When Marsha Powers and her older brother were teen-age lifeguards in Alexandria, Va., they launched their own pool management business.
They soon found out that supervising such operations "looked a lot easier than it really was," Ms. Powers said. However, the experience taught her to persevere, and during summer vacations from college she and her four siblings eventually managed 30 pools, which is how they financed their college educations.
Since then, Ms. Powers, 40, has moved from managing swimming pools to hospitals with the ease of a well-practiced diver with a good coach. She's honed her ability to persevere through management challenges at three investor-owned hospital chains.
"Marsha is an excellent strategic thinker," said Ms. Powers' current boss, Frank Williams, vice president of owned hospital operations at Quorum Health Group. "She works well with physicians and understands their challenges. In addition, she has a great sense of humor."
Her coach and mentor has been Marliese Mooney, who provided her with a role model in an industry that continues to be dominated by men. Ms. Mooney was a top executive at three hospital chains-Humana, American Medical International and Epic Healthcare Group-before she retired in 1991. "She is very strategically focused," Ms. Powers said of Ms. Mooney. "She's the type of person you would want to work 100 hours a week for to make sure things are going well."
She met Ms. Mooney in 1979 when she was hired as an administrative specialist at what was then Humana Medical City Dallas Hospital. Ms. Powers had just completed her administrative residency at Sarasota (Fla.) Memorial Hospital and received her master's of business administration degree at the University of Florida, Gainesville.
Medical City, a 555-bed facility, became one of Humana's largest hospitals while Ms. Powers and Ms. Mooney, the hospital's executive director, guided a $45 million construction and renovation project that added 196 beds.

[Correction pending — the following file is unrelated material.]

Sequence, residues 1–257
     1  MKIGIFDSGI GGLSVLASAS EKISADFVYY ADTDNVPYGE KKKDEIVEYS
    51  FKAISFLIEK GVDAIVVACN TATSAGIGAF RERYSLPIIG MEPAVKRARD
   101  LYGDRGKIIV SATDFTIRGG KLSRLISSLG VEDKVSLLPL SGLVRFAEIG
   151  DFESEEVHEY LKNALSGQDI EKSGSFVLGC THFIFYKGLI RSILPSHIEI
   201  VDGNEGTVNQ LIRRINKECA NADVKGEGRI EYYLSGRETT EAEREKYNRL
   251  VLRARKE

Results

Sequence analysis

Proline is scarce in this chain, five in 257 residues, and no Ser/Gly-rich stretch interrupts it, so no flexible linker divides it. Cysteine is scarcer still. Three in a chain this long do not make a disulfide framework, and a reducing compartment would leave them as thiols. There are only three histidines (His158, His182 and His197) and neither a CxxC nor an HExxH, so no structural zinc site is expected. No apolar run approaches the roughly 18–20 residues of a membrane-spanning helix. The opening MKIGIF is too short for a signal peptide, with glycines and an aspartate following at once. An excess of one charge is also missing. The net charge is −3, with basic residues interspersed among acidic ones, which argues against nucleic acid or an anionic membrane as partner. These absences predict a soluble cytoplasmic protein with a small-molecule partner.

In 1984, Ms. Powers left as Medical City's associate executive director to be chief operating officer at Doctors' Hospital in Lanham, Md. The move got her closer to her family and gave her a good introduction to Maryland's all-payer system and diagnosis-related groups, which would become the Medicare standard of payment.
In 1987, Ms. Powers joined the corporate staff of AMI, which was Doctors' parent company, and became one of two team leaders developing strategic plans for the hospital chain, then based in Beverly Hills, Calif. Ms. Mooney also had moved to AMI and was in charge of strategy refinement.
In 1988, when AMI spun off 37 hospitals into Epic Healthcare, Ms. Mooney and Ms. Powers moved over to Epic, Ms. Mooney as vice president of hospital operations and Ms. Powers as manager of two hospitals. Ms. Powers' longest assignment was as executive director of 80-bed Fort Bend Hospital in Missouri City, Texas, which is in the competitive Houston market.
There, she created a management services organization for physicians, developed sports medicine, pediatric, urology and oncology programs, and received several management awards from Dallas-based Epic.
Her mentor, Ms. Mooney, calls Ms. Powers a "brilliant trouble-shooter" who "literally stabilized" Fort Bend. Ms. Powers' participatory management style was highly regarded by her staff. Fort Bend had the highest satisfaction results from its employees of any Epic hospital four of the five years in which Ms. Powers was its executive director.
A widow who lost her husband to cancer eight years ago, Ms. Powers said she prides herself on dealing with people openly and "managing in a way that involves the employee. I take their opinions seriously."
Her people skills and managerial skills caught the eyes of Quorum executives, who in January hired her as assistant vice president heading physician integration efforts for the company's growing portfolio of owned hospitals. "It's going to be a really key piece of our strategy," said Quorum's Mr. Williams. "(Ms. Powers) gets good results."